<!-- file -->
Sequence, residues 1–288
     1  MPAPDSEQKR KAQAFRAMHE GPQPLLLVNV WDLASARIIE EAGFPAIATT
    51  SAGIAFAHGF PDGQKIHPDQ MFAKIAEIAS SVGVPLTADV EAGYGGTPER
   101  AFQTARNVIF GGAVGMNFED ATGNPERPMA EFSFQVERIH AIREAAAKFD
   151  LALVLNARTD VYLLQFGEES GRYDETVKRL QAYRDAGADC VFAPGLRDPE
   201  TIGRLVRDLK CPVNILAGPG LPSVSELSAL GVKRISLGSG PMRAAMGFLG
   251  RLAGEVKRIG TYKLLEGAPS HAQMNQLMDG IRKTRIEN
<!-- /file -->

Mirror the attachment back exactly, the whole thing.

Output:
Sequence, residues 1–288
     1  MPAPDSEQKR KAQAFRAMHE GPQPLLLVNV WDLASARIIE EAGFPAIATT
    51  SAGIAFAHGF PDGQKIHPDQ MFAKIAEIAS SVGVPLTADV EAGYGGTPER
   101  AFQTARNVIF GGAVGMNFED ATGNPERPMA EFSFQVERIH AIREAAAKFD
   151  LALVLNARTD VYLLQFGEES GRYDETVKRL QAYRDAGADC VFAPGLRDPE
   201  TIGRLVRDLK CPVNILAGPG LPSVSELSAL GVKRISLGSG PMRAAMGFLG
   251  RLAGEVKRIG TYKLLEGAPS HAQMNQLMDG IRKTRIEN